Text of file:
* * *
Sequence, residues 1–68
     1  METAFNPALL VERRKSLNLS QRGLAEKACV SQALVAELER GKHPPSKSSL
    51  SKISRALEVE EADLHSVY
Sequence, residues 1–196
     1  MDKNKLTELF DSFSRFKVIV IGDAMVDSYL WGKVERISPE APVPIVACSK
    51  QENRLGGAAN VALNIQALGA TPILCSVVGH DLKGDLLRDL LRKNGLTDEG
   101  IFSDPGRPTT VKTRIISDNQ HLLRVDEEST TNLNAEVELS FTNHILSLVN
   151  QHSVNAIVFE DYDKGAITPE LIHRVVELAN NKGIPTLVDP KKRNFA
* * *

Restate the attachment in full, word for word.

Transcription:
Sequence, residues 1–68
     1  METAFNPALL VERRKSLNLS QRGLAEKACV SQALVAELER GKHPPSKSSL
    51  SKISRALEVE EADLHSVY
Sequence, residues 1–196
     1  MDKNKLTELF DSFSRFKVIV IGDAMVDSYL WGKVERISPE APVPIVACSK
    51  QENRLGGAAN VALNIQALGA TPILCSVVGH DLKGDLLRDL LRKNGLTDEG
   101  IFSDPGRPTT VKTRIISDNQ HLLRVDEEST TNLNAEVELS FTNHILSLVN
   151  QHSVNAIVFE DYDKGAITPE LIHRVVELAN NKGIPTLVDP KKRNFA